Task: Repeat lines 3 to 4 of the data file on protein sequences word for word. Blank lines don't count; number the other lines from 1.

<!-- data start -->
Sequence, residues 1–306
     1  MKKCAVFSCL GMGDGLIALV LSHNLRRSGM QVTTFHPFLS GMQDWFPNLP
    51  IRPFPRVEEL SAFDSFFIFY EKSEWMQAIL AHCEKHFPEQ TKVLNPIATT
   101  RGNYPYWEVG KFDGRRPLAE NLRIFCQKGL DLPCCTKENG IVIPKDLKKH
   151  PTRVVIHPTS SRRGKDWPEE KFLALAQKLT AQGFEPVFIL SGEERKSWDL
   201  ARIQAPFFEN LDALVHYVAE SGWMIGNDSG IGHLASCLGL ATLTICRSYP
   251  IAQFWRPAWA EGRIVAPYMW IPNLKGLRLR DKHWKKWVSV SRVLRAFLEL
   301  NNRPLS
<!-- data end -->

    51  IRPFPRVEEL SAFDSFFIFY EKSEWMQAIL AHCEKHFPEQ TKVLNPIATT
   101  RGNYPYWEVG KFDGRRPLAE NLRIFCQKGL DLPCCTKENG IVIPKDLKKH